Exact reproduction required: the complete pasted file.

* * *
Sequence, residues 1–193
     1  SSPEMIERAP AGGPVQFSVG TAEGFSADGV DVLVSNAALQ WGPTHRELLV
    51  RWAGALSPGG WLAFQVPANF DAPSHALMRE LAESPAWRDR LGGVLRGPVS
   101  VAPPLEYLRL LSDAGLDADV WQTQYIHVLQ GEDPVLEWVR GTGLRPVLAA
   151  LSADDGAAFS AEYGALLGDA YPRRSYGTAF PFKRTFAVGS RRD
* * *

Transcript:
Sequence, residues 1–193
     1  SSPEMIERAP AGGPVQFSVG TAEGFSADGV DVLVSNAALQ WGPTHRELLV
    51  RWAGALSPGG WLAFQVPANF DAPSHALMRE LAESPAWRDR LGGVLRGPVS
   101  VAPPLEYLRL LSDAGLDADV WQTQYIHVLQ GEDPVLEWVR GTGLRPVLAA
   151  LSADDGAAFS AEYGALLGDA YPRRSYGTAF PFKRTFAVGS RRD